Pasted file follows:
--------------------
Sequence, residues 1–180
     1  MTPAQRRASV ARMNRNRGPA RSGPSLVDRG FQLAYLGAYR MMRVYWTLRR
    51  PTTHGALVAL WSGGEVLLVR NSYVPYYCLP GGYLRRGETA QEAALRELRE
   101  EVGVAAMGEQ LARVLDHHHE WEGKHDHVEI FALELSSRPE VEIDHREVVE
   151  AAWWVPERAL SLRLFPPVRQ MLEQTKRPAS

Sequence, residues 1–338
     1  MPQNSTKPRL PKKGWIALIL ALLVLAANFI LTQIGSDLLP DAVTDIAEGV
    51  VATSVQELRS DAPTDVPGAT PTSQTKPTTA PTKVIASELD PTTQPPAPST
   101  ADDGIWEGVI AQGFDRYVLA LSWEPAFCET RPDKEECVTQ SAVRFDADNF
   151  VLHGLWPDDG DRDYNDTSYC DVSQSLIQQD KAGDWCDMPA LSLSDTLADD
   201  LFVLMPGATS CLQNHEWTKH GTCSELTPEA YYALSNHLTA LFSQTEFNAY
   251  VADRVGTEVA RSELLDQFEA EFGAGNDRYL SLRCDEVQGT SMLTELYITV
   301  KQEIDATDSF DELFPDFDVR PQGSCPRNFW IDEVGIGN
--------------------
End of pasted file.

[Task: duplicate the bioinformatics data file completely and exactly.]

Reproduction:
Sequence, residues 1–180
     1  MTPAQRRASV ARMNRNRGPA RSGPSLVDRG FQLAYLGAYR MMRVYWTLRR
    51  PTTHGALVAL WSGGEVLLVR NSYVPYYCLP GGYLRRGETA QEAALRELRE
   101  EVGVAAMGEQ LARVLDHHHE WEGKHDHVEI FALELSSRPE VEIDHREVVE
   151  AAWWVPERAL SLRLFPPVRQ MLEQTKRPAS

Sequence, residues 1–338
     1  MPQNSTKPRL PKKGWIALIL ALLVLAANFI LTQIGSDLLP DAVTDIAEGV
    51  VATSVQELRS DAPTDVPGAT PTSQTKPTTA PTKVIASELD PTTQPPAPST
   101  ADDGIWEGVI AQGFDRYVLA LSWEPAFCET RPDKEECVTQ SAVRFDADNF
   151  VLHGLWPDDG DRDYNDTSYC DVSQSLIQQD KAGDWCDMPA LSLSDTLADD
   201  LFVLMPGATS CLQNHEWTKH GTCSELTPEA YYALSNHLTA LFSQTEFNAY
   251  VADRVGTEVA RSELLDQFEA EFGAGNDRYL SLRCDEVQGT SMLTELYITV
   301  KQEIDATDSF DELFPDFDVR PQGSCPRNFW IDEVGIGN